“He defied the law, he suffered imprisonment, and lost his property in struggling for a right … we are indebted for the immense benefits derived by the masses from the circulation amongst them of cheap literature.”
Selfish, haughty and arrogant…and can merit nothing but the severest censure. All his actions, when closely scrutinized, fill us with the most unequivocal contempt.
The greatest and most fatal error in the annals of the world was suffering the growth and formation of an Aristocracy; it is the direst plague with which this earth is cursed, filling it with eternal bitterness.
Had this fierce untameable man, who, led only by the instinct of plunder and blood, any right claim to have his position recognised by millions of people as a king by right divine?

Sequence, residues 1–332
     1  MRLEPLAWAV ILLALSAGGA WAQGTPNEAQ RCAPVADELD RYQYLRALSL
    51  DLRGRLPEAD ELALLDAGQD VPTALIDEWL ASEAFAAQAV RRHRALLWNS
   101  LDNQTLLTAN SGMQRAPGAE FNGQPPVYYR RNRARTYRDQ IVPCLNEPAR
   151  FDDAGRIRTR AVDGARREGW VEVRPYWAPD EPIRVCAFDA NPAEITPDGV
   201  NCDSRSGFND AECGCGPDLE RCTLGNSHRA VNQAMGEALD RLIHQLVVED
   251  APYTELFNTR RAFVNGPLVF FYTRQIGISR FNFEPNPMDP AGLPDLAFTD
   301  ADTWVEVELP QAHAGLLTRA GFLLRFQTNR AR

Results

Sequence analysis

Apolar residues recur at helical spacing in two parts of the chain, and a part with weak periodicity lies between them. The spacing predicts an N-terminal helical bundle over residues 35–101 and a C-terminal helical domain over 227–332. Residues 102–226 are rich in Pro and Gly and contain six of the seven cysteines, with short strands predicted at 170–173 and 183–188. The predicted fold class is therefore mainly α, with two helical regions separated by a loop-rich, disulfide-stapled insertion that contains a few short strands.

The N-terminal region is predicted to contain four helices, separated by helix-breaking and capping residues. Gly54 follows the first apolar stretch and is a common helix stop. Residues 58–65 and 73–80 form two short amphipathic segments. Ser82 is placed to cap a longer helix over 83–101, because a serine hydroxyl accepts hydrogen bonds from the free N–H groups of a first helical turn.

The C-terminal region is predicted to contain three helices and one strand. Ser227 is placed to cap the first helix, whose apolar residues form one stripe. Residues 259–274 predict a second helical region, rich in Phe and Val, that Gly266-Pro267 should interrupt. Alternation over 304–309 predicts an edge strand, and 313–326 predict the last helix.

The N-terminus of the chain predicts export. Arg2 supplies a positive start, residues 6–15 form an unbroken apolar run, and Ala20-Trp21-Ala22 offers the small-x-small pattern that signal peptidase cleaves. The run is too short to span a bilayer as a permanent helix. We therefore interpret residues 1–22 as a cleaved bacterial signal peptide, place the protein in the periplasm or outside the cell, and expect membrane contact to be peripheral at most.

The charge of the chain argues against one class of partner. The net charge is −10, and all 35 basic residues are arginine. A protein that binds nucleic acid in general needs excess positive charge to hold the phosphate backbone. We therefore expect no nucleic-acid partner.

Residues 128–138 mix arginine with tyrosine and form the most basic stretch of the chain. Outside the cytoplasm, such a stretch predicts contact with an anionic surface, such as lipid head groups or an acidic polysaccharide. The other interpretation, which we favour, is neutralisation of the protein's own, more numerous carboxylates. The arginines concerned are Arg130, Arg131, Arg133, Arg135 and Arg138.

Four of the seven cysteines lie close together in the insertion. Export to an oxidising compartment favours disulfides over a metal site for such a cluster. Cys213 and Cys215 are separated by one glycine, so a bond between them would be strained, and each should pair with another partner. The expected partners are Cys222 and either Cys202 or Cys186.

What would a Chartist republic look like in practice? Very few Chartist novelists discussed this question in depth, as most of them merely shined a light on social issues of the day. G W M Reynolds, however, used the fictional Italian state of Castelcicala in The Mysteries of London as a ‘laboratory’ in which his progressive theories of government might be tested.